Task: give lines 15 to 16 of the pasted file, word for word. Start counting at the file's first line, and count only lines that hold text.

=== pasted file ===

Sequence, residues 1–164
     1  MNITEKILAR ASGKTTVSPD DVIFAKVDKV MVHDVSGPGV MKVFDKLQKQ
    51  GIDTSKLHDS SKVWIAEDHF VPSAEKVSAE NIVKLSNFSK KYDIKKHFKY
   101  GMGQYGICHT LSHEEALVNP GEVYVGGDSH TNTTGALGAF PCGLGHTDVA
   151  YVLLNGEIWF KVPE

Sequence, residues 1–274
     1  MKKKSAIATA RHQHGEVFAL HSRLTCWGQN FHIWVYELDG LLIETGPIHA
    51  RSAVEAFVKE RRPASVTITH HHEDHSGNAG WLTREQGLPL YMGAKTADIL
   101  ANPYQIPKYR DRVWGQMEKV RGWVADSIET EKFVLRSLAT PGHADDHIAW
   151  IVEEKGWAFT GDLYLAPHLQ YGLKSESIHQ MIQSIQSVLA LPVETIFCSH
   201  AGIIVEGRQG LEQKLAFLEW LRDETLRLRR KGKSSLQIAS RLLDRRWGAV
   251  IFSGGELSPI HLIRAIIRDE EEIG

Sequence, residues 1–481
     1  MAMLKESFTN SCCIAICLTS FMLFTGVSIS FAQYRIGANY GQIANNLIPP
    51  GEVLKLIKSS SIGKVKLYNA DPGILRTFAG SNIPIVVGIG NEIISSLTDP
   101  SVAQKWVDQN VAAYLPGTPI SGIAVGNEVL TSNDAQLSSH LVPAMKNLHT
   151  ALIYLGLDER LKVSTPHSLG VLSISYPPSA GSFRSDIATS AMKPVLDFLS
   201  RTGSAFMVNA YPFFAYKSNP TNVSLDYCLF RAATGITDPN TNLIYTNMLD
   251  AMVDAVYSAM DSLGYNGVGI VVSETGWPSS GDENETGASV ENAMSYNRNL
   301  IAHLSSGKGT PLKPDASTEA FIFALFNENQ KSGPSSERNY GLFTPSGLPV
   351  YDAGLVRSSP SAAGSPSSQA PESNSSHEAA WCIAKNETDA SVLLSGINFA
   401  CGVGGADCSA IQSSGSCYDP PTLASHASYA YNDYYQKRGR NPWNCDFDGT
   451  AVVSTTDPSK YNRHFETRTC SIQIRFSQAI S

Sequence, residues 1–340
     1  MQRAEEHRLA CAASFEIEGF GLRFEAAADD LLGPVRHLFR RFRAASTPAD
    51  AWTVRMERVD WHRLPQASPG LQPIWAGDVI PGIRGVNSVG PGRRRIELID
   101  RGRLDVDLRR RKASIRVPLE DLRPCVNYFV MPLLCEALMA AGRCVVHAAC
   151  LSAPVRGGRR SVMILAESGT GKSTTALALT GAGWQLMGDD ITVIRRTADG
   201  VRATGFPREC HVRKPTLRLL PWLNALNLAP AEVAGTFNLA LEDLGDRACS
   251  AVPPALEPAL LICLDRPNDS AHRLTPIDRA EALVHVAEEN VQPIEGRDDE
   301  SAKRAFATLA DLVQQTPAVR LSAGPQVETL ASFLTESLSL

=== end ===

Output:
    51  GEVLKLIKSS SIGKVKLYNA DPGILRTFAG SNIPIVVGIG NEIISSLTDP
   101  SVAQKWVDQN VAAYLPGTPI SGIAVGNEVL TSNDAQLSSH LVPAMKNLHT